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Today in Labour History

25 April 1926
Eugène Boudin, Washerwomen by the river
Source: Israel Museum, Jerusalem (on Wikimedia Commons)


Before it was mechanised, washing was one of the most terrible jobs done by women. The washerwomen spent practically their entire long working hours soaking wet, which caused bronco-pulmonary illnesses and skin complaints. They worked bent over, their hands were raw, chapped and often bled. Washerwomen worked outside in summer and also in winter when the water was freezing cold. A considerable part of the washerwomen's work involved moving and carrying the washing to and fro the river. This 'living hell endured by the women of the city of Utiel', as the mayor of this Spanish city put it, was somewhat relieved when a covered public washing place was inaugurated on 25 April 1926.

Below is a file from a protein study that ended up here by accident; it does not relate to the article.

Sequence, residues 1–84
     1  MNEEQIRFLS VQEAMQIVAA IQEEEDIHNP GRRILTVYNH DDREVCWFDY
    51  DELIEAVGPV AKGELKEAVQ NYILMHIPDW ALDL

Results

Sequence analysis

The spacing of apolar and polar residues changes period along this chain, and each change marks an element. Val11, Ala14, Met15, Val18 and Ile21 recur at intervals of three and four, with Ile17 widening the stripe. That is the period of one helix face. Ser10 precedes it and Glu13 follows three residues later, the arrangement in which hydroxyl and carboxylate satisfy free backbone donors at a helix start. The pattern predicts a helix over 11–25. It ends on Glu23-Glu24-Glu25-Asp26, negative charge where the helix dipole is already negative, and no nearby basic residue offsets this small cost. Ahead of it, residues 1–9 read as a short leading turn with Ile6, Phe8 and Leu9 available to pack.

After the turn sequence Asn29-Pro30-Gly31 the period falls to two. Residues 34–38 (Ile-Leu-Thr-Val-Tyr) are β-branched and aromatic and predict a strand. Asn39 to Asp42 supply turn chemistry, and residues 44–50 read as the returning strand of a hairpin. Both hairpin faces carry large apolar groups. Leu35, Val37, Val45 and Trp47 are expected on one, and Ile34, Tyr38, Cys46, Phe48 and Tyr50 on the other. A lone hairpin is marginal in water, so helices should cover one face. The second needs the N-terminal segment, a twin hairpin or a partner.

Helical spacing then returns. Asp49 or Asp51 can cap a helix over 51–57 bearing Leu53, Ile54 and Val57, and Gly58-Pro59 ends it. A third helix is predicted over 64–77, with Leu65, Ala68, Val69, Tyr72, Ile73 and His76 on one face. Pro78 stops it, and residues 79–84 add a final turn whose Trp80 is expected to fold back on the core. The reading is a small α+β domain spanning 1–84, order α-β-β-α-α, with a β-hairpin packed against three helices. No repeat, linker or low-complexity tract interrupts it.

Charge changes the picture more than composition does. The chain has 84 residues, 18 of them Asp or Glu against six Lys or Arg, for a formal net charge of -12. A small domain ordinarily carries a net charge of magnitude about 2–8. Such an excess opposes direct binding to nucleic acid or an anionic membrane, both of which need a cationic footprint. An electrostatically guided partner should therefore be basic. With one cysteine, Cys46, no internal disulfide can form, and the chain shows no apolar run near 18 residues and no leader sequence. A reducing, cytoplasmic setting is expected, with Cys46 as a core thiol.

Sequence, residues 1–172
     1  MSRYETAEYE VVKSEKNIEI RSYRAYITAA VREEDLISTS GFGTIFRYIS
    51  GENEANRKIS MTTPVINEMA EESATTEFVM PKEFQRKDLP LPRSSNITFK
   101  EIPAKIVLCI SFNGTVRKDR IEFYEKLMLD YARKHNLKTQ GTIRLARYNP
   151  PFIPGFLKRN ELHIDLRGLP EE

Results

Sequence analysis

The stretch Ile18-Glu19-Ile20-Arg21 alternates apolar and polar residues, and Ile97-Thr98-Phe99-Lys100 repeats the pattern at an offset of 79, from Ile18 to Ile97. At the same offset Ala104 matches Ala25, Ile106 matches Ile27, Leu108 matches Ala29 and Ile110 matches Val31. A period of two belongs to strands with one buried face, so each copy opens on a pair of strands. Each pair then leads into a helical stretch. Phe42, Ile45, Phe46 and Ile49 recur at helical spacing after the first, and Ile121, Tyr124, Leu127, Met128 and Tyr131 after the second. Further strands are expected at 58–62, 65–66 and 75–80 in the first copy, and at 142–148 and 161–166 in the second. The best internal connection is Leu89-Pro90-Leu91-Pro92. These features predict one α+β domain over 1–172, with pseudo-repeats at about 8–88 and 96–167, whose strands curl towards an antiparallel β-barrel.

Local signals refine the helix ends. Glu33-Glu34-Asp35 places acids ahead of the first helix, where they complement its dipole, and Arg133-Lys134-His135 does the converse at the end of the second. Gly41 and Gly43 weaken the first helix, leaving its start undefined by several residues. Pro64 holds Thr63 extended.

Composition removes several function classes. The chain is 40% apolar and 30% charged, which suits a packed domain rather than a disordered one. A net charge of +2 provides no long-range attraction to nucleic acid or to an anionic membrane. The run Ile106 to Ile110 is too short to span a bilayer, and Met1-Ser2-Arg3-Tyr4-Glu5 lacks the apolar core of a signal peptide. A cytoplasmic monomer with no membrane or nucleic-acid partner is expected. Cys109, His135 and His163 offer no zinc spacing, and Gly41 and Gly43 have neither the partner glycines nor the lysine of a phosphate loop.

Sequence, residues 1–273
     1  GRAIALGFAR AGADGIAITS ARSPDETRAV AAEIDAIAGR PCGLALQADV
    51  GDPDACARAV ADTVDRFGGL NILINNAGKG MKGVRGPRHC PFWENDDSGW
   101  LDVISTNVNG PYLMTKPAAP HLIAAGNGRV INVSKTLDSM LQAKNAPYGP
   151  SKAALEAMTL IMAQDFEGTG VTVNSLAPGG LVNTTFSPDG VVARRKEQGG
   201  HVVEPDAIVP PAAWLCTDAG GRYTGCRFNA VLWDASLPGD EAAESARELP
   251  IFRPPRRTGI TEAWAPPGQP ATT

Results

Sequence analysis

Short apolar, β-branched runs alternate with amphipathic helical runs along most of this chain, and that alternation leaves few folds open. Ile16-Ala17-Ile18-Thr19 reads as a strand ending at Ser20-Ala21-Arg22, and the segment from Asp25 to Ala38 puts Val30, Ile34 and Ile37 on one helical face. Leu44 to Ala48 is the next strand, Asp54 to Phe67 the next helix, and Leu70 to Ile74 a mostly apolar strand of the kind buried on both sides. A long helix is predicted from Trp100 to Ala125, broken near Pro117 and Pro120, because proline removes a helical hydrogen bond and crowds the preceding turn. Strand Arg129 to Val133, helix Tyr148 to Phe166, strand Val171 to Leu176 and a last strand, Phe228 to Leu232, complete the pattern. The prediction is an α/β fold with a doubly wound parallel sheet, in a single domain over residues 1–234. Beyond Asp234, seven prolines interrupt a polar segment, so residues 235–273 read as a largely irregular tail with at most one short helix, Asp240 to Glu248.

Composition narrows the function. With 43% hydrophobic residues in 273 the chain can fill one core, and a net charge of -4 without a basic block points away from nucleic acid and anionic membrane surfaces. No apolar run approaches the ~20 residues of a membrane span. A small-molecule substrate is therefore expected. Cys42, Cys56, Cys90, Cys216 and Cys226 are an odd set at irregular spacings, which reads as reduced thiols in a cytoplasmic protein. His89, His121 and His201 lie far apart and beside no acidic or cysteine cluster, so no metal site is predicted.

Read more? Carmen Sarasúa, 'The hardest, most unpleasant profession: laundresses' in: A Social History of Spanish Labour (New York 2011)

More info: A Social History of Spanish Labour (IISH Publication)